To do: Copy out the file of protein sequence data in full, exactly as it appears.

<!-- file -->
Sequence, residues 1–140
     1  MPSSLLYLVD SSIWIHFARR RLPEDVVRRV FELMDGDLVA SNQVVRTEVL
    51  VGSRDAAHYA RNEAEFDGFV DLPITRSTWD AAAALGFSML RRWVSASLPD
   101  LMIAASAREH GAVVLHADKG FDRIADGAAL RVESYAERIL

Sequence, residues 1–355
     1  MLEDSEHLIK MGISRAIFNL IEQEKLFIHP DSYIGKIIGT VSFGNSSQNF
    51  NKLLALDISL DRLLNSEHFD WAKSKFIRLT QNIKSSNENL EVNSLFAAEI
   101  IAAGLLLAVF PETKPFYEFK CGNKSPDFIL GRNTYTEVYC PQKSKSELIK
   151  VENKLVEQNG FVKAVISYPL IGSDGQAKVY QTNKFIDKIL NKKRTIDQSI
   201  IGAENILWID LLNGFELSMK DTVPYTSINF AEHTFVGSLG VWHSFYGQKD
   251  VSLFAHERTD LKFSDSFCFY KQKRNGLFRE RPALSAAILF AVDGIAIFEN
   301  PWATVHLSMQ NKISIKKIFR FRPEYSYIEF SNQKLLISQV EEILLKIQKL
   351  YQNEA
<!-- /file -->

Sequence, residues 1–140
     1  MPSSLLYLVD SSIWIHFARR RLPEDVVRRV FELMDGDLVA SNQVVRTEVL
    51  VGSRDAAHYA RNEAEFDGFV DLPITRSTWD AAAALGFSML RRWVSASLPD
   101  LMIAASAREH GAVVLHADKG FDRIADGAAL RVESYAERIL

Sequence, residues 1–355
     1  MLEDSEHLIK MGISRAIFNL IEQEKLFIHP DSYIGKIIGT VSFGNSSQNF
    51  NKLLALDISL DRLLNSEHFD WAKSKFIRLT QNIKSSNENL EVNSLFAAEI
   101  IAAGLLLAVF PETKPFYEFK CGNKSPDFIL GRNTYTEVYC PQKSKSELIK
   151  VENKLVEQNG FVKAVISYPL IGSDGQAKVY QTNKFIDKIL NKKRTIDQSI
   201  IGAENILWID LLNGFELSMK DTVPYTSINF AEHTFVGSLG VWHSFYGQKD
   251  VSLFAHERTD LKFSDSFCFY KQKRNGLFRE RPALSAAILF AVDGIAIFEN
   301  PWATVHLSMQ NKISIKKIFR FRPEYSYIEF SNQKLLISQV EEILLKIQKL
   351  YQNEA